Tax on Tamil Nadu theatres proves businesses have many more hiccups to face with GST
In the first week of the Goods and Services Tax, the myth of 'one nation, one tax' has been busted. Movie theatres across Tamil Nadu have pulled down their shutter in protest against the state government's decision to levy 30% entertainment tax over and above the 28% GST.
The additional 30% tax burden is the result of a loophole that was left open by the Centre during its negotiation with the state governments. This loophole allows local bodies or municipalities within every state to levy taxes to meet their financial requirements.
There are approximately 4,000 municipalities in India, and they have been given rights to levy their own taxes in order to meet a shortfall in their revenues.
PwC Partner (Indirect Tax) Anita Rastogi says, “In the empowered committee of state finance ministers, the issue of subsuming all local body taxes was raised. However, the states did not agree with the Centre and in order to get the states on board, the Centre agreed to allow local bodies to have the right to levy taxes as per the existing rules of state-level taxes.”
Before the negotiation for GST that includes Central GST and integrated state GST, the states were worried about the shortfall in their revenues with the enactment of the a centralised tax regime in India.
Even though the central government had promised states to compensate for any shortfall in revenue for the next 5 years, the states wanted to have a clause that could be used to increase their revenues irrespective of what the Centre offered them as a share of their revenue from the GST.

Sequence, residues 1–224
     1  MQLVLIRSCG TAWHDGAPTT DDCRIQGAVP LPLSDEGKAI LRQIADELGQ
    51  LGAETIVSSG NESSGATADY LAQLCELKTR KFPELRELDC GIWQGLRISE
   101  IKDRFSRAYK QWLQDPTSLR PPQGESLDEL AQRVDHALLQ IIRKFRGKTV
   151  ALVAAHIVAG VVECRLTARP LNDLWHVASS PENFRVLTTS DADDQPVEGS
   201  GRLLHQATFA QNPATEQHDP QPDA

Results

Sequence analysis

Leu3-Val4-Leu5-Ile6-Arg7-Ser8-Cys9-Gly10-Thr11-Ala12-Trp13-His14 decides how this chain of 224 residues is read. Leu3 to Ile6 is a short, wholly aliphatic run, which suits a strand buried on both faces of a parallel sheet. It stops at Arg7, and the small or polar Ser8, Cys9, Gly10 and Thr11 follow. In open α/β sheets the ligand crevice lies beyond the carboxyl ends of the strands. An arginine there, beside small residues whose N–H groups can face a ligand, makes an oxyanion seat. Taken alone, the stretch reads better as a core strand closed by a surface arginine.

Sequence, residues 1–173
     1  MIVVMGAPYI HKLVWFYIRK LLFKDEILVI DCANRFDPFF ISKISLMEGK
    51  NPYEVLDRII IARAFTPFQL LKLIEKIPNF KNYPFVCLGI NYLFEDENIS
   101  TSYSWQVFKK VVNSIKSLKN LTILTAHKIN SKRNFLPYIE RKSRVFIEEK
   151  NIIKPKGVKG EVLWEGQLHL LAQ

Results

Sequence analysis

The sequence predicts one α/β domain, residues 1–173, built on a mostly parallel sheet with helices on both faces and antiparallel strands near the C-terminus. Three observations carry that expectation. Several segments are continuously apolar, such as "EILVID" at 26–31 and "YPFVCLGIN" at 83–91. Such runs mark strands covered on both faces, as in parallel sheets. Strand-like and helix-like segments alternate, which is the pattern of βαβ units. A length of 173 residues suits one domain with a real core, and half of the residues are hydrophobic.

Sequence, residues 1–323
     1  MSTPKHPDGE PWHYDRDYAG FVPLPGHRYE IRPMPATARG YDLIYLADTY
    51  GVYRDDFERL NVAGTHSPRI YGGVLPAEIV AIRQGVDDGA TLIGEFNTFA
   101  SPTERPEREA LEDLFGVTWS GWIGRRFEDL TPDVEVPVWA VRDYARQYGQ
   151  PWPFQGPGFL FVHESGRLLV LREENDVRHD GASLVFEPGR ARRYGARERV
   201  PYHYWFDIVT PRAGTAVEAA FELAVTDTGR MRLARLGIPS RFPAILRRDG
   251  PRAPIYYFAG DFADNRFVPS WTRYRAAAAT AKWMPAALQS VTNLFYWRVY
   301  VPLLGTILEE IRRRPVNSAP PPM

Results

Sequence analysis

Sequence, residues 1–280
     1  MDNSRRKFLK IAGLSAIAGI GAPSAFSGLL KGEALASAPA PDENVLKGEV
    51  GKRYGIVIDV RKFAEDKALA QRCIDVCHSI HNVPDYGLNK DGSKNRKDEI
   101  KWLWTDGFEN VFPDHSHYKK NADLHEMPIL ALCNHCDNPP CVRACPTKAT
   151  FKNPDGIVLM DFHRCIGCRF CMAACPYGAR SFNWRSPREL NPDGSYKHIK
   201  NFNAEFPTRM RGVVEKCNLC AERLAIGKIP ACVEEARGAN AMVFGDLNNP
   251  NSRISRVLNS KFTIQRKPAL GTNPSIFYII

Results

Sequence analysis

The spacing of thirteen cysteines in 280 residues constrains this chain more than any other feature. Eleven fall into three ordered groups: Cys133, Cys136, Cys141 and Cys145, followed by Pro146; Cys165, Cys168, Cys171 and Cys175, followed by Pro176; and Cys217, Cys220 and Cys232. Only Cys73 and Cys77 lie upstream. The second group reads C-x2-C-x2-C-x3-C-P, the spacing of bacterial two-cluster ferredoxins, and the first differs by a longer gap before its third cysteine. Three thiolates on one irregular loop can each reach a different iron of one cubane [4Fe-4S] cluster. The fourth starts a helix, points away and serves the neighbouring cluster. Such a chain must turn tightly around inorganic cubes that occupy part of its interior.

This has lead to states such as Maharashtra, Tamil Nadu, Madhya Pradesh and Gujarat to negotiate the powers of levying taxes over and above the CGST and SGST to boost their revenues.
What are the other taxes the can be levied outside GST?
The state governments can use eight more type of taxes to increase their revenues. Those taxes fall under the following categories:
1) Electricity cess
2) Stamp duty
3) Entertainment tax
4) Entry fee (on commercial vehicles)
5) Road tax
6) Toll tax
7) Extra excise duty on tobacco products
8) Property tax
Even though GST as a concept is meant to make taxation simple and easy to understand, but in India, due to various pulls and pressure between the Centre and the states, it has taken a complex form. This, according to its critics, will add to the already existing problems in the Indian taxation structure.
The Arvind Subramanian panel of revenue neutral GST in December 2015 had recommended a three-tier rate structure in which some essential goods were to be taxed at 12%; the demerit goods such as luxury cars, aerated beverages, pan masala and tobacco products were to be taxed at 40%, while all remaining goods were proposed to be taxed at 17-18%.
For services, the Subramanian panel had proposed a standard rate of 17-18%.
But the GST council passed an eight-rate structure under GST, apart from allowing local bodies to levy their own set of taxes.
Miffed with a complex structure of the GST, NITI Aayog Member Bibek Debroy recently said that the multiple rates of GST emanate from the "desire to tax items" which were perceived to be luxury through the means of indirect tax.
"Please understand these multiple rates are coming from... this desire to drive other ends through indirect tax policy and other concerns of the states," IANS quoted Debroy.
"And therefore, you have plenty of exemptions, plenty of items that are outside the GST net and multiple rates," added Debroy.
Given the many loopholes left in the GST, the businesses must prepare themselves for more hiccups as and when the states feel the need to increase their revenues by levying additional taxes.